Flutes 40 may be thought of as axial air channels permitting the passage of air into the interior of high-speed rotor 34. In order to provide air flow, the stack of laminations 14 is periodically interrupted by radial air flow channels 50 which communicate between flutes 40 and the exterior of magnetic body 36. Radial air flow channels 50 may be of any convenient type such as the type shown in FIG. 7 wherein radially disposed I sections 52 separate adjacent portions of magnetic body 36 to leave radial air flow channels 50. The provision of radial air flow channels 50 also provides a small amount of resilience in the axial direction to permit unbalanced forces, developed either during the stacking or the shrink-fitting process, to equalize. In order to maximize this equalization tendency in one preferred embodiment, we make the spacing between adjacent regions containing radial air flow channels 50 approximately equal to the radial thickness of magnetic body 36.
As previously noted, the presence of flutes 40 makes practically no difference in the magnetic performance of high-speed rotor 34. Thus, the depth and/or width of flutes 40 may be varied as desired within limits. If the depths of flutes 40 is increased, it has an effect equivalent to reducing the effective diameter of shaft 38 to a value intermediate the diameters taken at lands 42 and at the bottoms of flutes 40. This has the effect of changing the stiffness and resulting resonance frequencies of the high-speed rotor 34 system. Thus, if a troublesome resonance arises in a given application, the depths or shape of flutes 40 may be changed as necessary to shift the rotor critical speed without requiring a new electrical design or a new lamination.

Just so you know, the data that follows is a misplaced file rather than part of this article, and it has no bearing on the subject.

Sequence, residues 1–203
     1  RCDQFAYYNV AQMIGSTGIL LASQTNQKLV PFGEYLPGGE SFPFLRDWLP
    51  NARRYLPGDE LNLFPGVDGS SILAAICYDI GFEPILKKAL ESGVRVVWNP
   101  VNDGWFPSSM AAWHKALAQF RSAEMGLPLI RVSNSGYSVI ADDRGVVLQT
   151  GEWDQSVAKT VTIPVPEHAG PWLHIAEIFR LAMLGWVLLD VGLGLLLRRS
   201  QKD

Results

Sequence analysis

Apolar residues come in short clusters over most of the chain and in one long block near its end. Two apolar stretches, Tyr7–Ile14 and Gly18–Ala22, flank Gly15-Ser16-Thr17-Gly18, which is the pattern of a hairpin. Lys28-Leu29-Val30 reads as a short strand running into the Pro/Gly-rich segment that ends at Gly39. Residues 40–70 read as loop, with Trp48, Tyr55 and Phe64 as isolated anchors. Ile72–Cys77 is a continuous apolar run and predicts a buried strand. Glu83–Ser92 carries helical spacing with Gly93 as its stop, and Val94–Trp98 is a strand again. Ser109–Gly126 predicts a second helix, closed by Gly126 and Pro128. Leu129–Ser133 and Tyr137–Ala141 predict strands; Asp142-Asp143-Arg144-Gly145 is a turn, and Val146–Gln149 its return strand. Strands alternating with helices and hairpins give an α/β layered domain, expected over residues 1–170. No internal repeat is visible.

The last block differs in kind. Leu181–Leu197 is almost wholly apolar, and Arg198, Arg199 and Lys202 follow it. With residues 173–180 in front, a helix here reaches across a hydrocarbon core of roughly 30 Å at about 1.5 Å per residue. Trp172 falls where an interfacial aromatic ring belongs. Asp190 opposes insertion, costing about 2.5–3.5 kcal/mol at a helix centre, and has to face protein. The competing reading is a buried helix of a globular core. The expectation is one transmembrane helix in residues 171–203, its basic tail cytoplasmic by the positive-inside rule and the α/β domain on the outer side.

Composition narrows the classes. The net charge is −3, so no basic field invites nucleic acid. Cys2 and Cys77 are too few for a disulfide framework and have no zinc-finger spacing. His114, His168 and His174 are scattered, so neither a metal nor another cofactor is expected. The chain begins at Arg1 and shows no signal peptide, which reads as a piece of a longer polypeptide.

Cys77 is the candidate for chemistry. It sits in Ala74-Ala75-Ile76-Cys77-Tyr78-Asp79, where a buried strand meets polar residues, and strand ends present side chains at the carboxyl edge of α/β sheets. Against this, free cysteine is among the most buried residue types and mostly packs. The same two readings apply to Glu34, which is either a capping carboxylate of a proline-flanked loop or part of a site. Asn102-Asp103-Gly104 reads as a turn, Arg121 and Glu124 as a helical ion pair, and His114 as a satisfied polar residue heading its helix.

While we have shown flutes 40 to be in the shape of chord-like flats axially disposed along the surface of shaft 36 other shapes are possible. Thus, for example, flutes 40 may have a curved surface so as to minimize the sharpness of the interface between the lands and the flutes to reduce stresses in the shaft 36. Similarly, this angle may be increased to increase the keying effect of the lands.
Having described preferred embodiments of the invention with reference to the accompanying drawings, it is to be understood that the invention is not limited to those precise embodiments, and that various changes and modifications may be effected therein by one skilled in the art without departing from the scope or spirit of the invention as defined in the appended claims.
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|U.S. Classification||310/216.123, 29/598, 310/65, 310/216.121|
|International Classification||H02K1/32, H02K1/28|
|Cooperative Classification||H02K1/28, H02K1/32, Y10T29/49012|
|European Classification||H02K1/32, H02K1/28|
|Jul 24, 1989||FPAY||Fee payment|
Year of fee payment: 4
|Sep 30, 1993||FPAY||Fee payment|
Year of fee payment: 8
|Sep 26, 1997||FPAY||Fee payment|
Year of fee payment: 12